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Andean glaciers vanish, add socio-economic strains

Dirk Hoffmann

The failure to reach a new binding agreement on emission cuts for carbon dioxide and other greenhouse gases at the December 2009 United Nations Climate Change Conference held in Copenhagen imperils glaciers worldwide —not only polar ice caps but also tropical glaciers that are located in equatorial mountain ranges. What still remains of the world’s tropical glaciers, more than 95 per cent of which are found in the four Andean countries of Bolivia, Colombia, Ecuador and Peru, is doomed to disappear within the next few decades, threatening many livelihoods.

The evidence

There has been a rapid retreat of all glaciers since 1980 in Bolivia, Colombia, Ecuador and Peru: studies indicate they lost between a half and a third of their volume. The Andean tropical glaciers are especially vulnerable because of the absence of winter precipitation, a situation aggravated by the more frequent recurrence of the El Niño Southern Oscillation phenomenon, an ocean-warming and atmospheric disturbance originating in the Pacific that results in insufficient rainfall or prolonged drought. Further, these being mainly small glaciers of less than one square kilometre in surface area, they are more climate-sensitive and are melting faster than larger glaciers.

To make matters worse, the Intergovernmental Panel on Climate Change —established by the United Nations Environment Programme and the World Meteorological Organization— projects that temperatures will rise faster at higher altitudes. Measurements from the last 30 years confirm this tendency.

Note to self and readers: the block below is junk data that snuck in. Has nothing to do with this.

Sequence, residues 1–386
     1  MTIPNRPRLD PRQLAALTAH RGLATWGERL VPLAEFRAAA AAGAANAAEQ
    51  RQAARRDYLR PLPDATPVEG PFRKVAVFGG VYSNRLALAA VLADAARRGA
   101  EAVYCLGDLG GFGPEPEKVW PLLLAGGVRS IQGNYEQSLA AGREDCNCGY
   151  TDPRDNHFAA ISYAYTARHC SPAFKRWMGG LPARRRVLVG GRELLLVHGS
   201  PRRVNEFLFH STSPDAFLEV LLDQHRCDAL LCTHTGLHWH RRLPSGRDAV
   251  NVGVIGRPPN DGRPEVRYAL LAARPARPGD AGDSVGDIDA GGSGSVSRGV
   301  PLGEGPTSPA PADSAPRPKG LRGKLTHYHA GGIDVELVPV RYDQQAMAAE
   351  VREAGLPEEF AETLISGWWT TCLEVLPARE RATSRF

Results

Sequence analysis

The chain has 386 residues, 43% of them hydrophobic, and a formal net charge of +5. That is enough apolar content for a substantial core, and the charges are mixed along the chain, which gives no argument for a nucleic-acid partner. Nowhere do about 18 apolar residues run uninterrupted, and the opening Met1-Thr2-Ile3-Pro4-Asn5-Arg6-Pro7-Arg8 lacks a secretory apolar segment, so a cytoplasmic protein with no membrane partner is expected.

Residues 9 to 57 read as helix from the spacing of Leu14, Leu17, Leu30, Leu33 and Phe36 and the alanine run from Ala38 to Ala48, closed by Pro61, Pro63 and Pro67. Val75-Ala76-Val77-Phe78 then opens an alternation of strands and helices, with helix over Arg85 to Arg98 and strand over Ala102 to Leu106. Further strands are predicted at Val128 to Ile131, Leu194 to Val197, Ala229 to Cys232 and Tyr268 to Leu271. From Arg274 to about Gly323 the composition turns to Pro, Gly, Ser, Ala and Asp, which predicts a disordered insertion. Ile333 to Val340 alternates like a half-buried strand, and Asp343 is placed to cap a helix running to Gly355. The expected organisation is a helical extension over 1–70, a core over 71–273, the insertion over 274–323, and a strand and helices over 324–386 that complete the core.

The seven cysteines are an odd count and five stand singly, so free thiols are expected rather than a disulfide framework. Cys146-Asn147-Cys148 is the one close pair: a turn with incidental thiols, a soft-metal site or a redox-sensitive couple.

Photo: Dirk Hoffmann
The icy remains of a small glacier with only a few years left in the Tuni region, Cordillera Real, Bolivia in January 2010.

The impacts

The accelerated retreat of the Tropical Andes glaciers has devastating regional and local impacts. As natural water storages with regulating functions, over centuries glaciers accumulate precipitation in the form of snow during the wet season and release melted water during the dry season, guaranteeing a minimum ecological stream flow —the necessary amount of water to preserve aquatic life and minimize pollution— in mountain rivers and brooks, and providing farmers, hydro companies or water enterprises with water when it is most needed.

Glacier retreat will affect the hydrological cycle and hence carry important consequences in terms of water availability for urban and rural populations, production of hydro energy, conservation of flora and fauna as well as equilibrium of mountain ecosystems. In fact, glaciers play important roles well beyond mountain areas.

The Andean glaciers meltdown will have its greatest impact in Peru, where more than 70 per cent of the world’s tropical glaciers are located. In addition, millions of Peruvians live on its semi-desert coastal plains —either in the capital, Lima, or other large cities— and depend almost exclusively on the water captured in the mountains to sustain their livelihoods. Peru will also grapple with important economic strains; for the Río Santa power plant alone, which runs on the heavily-glaciated Cordillera Blanca in northern Peru, a 2006 World Bank study estimates that this meltdown could cost the country anywhere between US$6 and US$72 million. The same study calculates that Peru will have to spend over US$100 million in water supply for the eight million inhabitants of the greater Lima area once glacial melt has come to a halt.

In the case of Bolivia, researchers claim that over the last 50 years, half of the glacier area has melted in the Tuni Condoriri catchment area, which provided much of El Alto’s and some of La Paz’ water supply, as reported by the French-led program GREAT ICE (Glaciers et ressources en eau d’altitude — Indicateurs climatiques et environnementaux). In 20 to 30 years’ time, the area will be completely ice-free.